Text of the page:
Afghan children pose for a photo as they stand in the snow outside their shelter at a refugee camp in Kabul
Afghan children pose for a photo as they stand in the snow outside their shelter at a refugee camp in Kabulreuters

A United Nations report has condemned the "appalling" number of children who have been killed during the violent conflict in Afghanistan. Around 161 children have died with 449 others wounded between January and March 2016, states a new report, which represents a 29% rise on the same period of time last year.

The cause is due to the growing number of Taliban attacks in heavily populated towns and surrounding areas, according to the UN's mission in Afghanistan.

"In the first quarter of 2016, almost one third of civilian casualties were children," said Danielle Bell, the mission's human rights director in the document.

"If the fighting persists near schools, playgrounds, homes and clinics, and parties continue to use explosive weapons in those areas… these appalling numbers of children killed and maimed will continue. Increased fighting in populated areas continues to kill and injure women and children at higher rates that the general population."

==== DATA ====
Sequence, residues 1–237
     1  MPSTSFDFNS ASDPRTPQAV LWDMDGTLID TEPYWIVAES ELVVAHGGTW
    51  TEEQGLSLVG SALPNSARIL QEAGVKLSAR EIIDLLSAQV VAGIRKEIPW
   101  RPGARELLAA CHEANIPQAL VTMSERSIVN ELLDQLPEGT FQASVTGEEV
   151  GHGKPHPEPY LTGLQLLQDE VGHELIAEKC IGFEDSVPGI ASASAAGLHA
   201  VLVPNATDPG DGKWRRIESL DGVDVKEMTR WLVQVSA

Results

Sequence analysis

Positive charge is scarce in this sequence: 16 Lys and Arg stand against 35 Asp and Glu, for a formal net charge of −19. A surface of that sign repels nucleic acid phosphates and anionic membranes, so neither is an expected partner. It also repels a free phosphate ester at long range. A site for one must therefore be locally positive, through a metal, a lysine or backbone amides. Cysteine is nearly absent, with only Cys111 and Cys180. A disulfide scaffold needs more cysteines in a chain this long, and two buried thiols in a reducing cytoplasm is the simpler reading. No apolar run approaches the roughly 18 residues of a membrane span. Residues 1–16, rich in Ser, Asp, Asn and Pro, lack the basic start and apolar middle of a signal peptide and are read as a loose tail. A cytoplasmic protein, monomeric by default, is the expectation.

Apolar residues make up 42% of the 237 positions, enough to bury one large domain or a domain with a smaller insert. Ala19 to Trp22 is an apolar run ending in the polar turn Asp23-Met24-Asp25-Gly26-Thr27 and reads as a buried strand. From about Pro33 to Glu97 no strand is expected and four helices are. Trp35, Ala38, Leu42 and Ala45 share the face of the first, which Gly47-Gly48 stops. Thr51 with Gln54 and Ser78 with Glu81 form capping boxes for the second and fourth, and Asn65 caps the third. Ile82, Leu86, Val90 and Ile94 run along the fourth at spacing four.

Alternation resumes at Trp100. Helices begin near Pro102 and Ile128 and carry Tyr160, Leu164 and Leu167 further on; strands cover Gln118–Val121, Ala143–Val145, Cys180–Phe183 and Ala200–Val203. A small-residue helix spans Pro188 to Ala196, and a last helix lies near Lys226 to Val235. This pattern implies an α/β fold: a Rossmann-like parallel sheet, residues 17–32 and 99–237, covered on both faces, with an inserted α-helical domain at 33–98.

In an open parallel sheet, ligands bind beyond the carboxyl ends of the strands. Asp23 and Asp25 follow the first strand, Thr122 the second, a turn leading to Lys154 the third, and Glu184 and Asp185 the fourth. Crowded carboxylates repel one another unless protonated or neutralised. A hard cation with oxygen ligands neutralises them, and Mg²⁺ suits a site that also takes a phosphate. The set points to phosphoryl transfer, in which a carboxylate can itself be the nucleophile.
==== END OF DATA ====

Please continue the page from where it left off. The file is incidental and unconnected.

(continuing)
Taliban deny child deaths claim

However, the increase in child deaths comes in spite of an overall decrease in civilian fatalities. Six hundred people were injured during the first three months of 2016, which represents 13% fewer than in the same period of 2015. But the number of injuries has risen by 11%.

According to the UN report, six out of every 10 casualties this year were caused by "actions by anti-government elements", believed to refer to the Taliban. The insurgents have denied allegations of targeting civilians or putting them in danger.

Around 19% of casualties were inflicted by pro-government forces, but 16% were unattributable to a specific group or party. The highest number of casualties resulted from civilians being harmed during ground fighting, with a 5% increase in casualties among women.

Human rights call

"Even if a conflict intensifies, it does not have to be matched by corresponding civilian suffering, provided parties take their international humanitarian law and human rights obligations seriously," Nicholas Haysom, the UN envoy to Afghanistan, said in a statement according to AP.

"Failure to respect humanitarian obligations will result in more suffering in a nation that has suffered enough." he added.

The total number of civilian casualties since 2009 exceeds 60,000, according to the report by the United Nations Assistance Mission in Afghanistan (Unama).

Heavy fighting continues with police officials stating that at least 40 Taliban fighters were killed on 15 April in an offensive to seize the city of Kunduz, a key northern stronghold near the Tajikistan border, which the Taliban captured and held for several days last year.